Hunt controls the LLC that owns the Bidwell Building next door. He said he hopes to break ground on a large remodel of that building this spring. A restaurant will be included, which will serve the JAS Center.

Horowitz said having the JAS Center built around the historic Red Onion — built three years after the Wheeler Opera House in the late 1880s — is a perfect match.

During the 1950s, the Red Onion hosted performances by iconic jazz figures including Billie Holiday, Louis Armstrong, Ella Fitzgerald and Ray Brown, who taught and performed at JAS in 1994 and 1996, Horowitz said.

“This new, intimate space will add a unique civic asset to Aspen’s core, while reclaiming and building around an original historical Aspen landmark, assuring permanent, public access to the Onion,” he said in a prepared statement.

In its theater-style, 200-plus row-seating format, the JAS Center will serve as a year-round home for JAS In-School music education programs aimed at public schools of the Roaring Fork Valley and beyond.

And JAS is in early planning stages to enhance and expand its flagship summer jazz education residency as the Frost JAS Academy, presented in collaboration with the Frost

School of Music at The University of Miami.

The plan is to extend the one-week camp in August into a summer-long program at the JAS Center. Under the direction of Dean Shelly Berg, a five-time Grammy nominee, the Frost School of Music has become a nationally recognized program noted for its focus on producing successful musicians trained not just in performance but also in the business of music in the 21st century, according to the statement.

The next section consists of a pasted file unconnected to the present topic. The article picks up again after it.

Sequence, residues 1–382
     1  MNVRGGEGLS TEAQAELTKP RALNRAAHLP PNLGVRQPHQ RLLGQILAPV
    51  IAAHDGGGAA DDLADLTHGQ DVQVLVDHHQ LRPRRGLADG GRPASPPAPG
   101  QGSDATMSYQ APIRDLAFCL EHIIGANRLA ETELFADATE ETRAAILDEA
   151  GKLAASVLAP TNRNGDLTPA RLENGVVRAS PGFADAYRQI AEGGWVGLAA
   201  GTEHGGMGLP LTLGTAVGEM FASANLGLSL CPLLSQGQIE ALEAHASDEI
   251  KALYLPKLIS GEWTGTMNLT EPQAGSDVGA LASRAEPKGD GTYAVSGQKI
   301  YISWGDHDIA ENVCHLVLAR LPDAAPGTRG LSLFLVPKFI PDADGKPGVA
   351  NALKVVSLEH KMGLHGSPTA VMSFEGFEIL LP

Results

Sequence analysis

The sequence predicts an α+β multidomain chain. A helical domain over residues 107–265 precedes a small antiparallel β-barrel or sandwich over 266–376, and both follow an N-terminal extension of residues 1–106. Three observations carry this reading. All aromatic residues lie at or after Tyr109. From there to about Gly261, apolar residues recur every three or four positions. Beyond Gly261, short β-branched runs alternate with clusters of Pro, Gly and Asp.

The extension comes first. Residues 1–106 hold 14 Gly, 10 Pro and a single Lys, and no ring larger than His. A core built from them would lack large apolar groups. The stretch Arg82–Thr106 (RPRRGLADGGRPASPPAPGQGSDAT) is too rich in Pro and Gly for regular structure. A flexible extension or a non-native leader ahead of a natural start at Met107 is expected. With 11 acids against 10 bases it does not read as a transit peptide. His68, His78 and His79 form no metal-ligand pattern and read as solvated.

The six-time Grammy winning bassist Christian McBride will continue his historical and ongoing role as the program’s artistic director.

“JAS will be able for the first time to offer our local students and teachers a consistent year-round space for rehearsal, practice, study and performance,” Horowitz said in the statement.

Earlier this year, there were a few starts and stops for JAS to find a place to land with expanded programming.

The nonprofit had the Wheeler Square Building on Hyman Avenue under contract but the deal fell through.

And then Horowitz’s request of Aspen City Council to allow a question on the November ballot that would have asked voters to help pay for the new JAS Center fizzled when the deal wasn’t done in time.

The public-private partnership would’ve included the city taking $4 million from the Wheeler Opera House Real Estate Transfer Tax funds to help fund the purchase of the building, and another $1 million to help subsidize community events at the venue for a period of 10 years.

But the timing to put it on the ballot was tight and JAS’s request prompted other arts organizations to vocalize their need for the voter-dedicated, taxpayer money.

Council will continue to discuss in the coming months how the real estate transfer tax will be allocated, or reallocated, in the future.

Horowitz said his organization is open to having the conversation, as well as the center being the venue for community uses, meetings and performances.

JAS’s offices will remain at the city-owned Red Brick Center for the Arts.

“This is beyond exciting,” Horowitz said. “This is the biggest thing that has happened to us.”